The term “alternative fact” is attributed to Kellyanne Conway, U.S. Counsel to President Trump, but actually, the term was coined many years ago in 1949 by George Orwell, who wrote the novel 1984. The book is about a totalitarian state that creates its own language called, “Newspeak.” The purpose is to  stifle free thought by twisting the English language. For instance, the word, “Bad” becomes “Ungood.”

    Truthfully, there is no such thing as an “alternative fact.” There is fact and then there is fiction. A horse is a fact. A unicorn is fiction. If someone tells you that she saw a unicorn, she is either hallucinating, lying or has just attended a Disney movie. The problem with blurring the line between truth and lies is that you don’t know who you can trust. Groucho Marx said,”Who are you going to believe, me or your own eyes?”

    The story about the little boy who cried wolf illustrates that the little boy lied so many times that when the real wolf appeared, no one believed his warning. In a make believe world, “pigs can fly.”  However, when “fake news,” which is spun from a blanket of lies, enters the realm of the believable, it’s no longer a game of “let’s pretend,” and it can become very dangerous.

    Reputable journalists are required to get the facts straight. As a former journalist and contributing writer to two magazines, I know that accuracy is so important that even if you misspell someone’s name, you land in deep doo doo.

    In the good old days, a person’s word was his bond, and contracts were made with a simple handshake. Today, a person is leery of “shaking on it,” because he might not get his hand back.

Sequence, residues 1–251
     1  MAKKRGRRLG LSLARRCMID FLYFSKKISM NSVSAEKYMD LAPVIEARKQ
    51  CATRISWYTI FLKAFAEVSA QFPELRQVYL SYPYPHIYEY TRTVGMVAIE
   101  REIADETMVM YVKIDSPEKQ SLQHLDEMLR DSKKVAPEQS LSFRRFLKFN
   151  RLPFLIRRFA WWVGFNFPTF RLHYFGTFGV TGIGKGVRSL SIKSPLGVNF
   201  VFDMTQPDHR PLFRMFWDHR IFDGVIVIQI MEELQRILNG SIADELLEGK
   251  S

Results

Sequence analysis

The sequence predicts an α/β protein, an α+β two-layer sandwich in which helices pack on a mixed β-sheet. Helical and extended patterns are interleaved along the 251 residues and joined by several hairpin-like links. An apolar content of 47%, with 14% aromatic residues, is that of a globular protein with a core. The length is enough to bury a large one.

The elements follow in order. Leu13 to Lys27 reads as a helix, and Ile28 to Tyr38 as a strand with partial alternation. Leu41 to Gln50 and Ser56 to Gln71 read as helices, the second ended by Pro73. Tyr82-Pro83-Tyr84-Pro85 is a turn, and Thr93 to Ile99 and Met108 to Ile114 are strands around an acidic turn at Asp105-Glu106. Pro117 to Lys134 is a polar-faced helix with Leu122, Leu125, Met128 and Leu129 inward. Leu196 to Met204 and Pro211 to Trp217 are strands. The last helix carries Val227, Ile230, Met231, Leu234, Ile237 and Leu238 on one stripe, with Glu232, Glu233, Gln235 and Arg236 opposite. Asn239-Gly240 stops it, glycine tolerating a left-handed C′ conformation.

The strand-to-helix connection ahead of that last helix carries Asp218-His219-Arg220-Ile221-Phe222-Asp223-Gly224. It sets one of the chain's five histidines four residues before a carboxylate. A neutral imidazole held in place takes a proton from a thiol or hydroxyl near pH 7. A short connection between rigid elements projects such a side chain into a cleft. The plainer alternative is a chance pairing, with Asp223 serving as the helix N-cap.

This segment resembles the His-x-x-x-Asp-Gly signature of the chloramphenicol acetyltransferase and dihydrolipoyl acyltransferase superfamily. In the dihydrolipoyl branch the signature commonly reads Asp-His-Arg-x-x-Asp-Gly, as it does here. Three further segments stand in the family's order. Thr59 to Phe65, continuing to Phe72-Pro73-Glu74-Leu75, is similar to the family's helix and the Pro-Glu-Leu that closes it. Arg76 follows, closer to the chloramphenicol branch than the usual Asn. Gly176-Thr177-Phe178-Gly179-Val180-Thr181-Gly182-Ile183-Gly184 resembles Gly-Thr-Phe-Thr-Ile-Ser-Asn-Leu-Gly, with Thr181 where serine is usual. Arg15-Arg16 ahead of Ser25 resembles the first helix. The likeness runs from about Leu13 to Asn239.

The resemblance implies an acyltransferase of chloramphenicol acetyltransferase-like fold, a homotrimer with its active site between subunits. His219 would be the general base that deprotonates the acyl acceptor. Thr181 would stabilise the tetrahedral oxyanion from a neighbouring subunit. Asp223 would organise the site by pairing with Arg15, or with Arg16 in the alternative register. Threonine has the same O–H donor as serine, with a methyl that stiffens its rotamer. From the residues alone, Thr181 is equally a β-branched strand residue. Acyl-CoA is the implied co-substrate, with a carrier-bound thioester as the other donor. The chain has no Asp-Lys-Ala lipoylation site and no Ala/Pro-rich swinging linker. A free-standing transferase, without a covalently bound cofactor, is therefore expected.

In the Japanese film,  Rashomon (1950) various characters provide alternative , self-serving and contradictory versions of the same incident, which in part exhibits the unreliability of human memory or how it can be manipulated. Sophisticated proponents of propaganda know that if a lie is repeated over and over, it will eventually be accepted, by many, as the truth.

    When dealing with a liar, it is always good to listen to what he does not say rather than what he does, because lies always spin a web of deceit and depend on recollection.  Mark Twain said, “If you tell the truth, you don’t have to remember anything.”

    The children’s game, Telephone has no winner. It is a game where a group of people sit in a circle and the first person whispers a secret into the ear of the person sitting next to her, and then the secret is whispered on from one person to another. The last person is charged to reveal the secret which is always different than the original secret. It demonstrates the inaccuracy of rumors as they are spread. For instance, the secret might be “I wrote a verse about my cat,” and it could end up, “Someone proved that the earth is flat.”  Everyone might laugh except the one person in the group, who might like the lie so much, that he puts it on Facebook, and some people will believe his “alternative fact” that the earth is indeed flat.

    If we are lucky, these simpletons will sail toward the horizon and fall off the edge of the earth—unless they are lucky enough to hail a flying pig.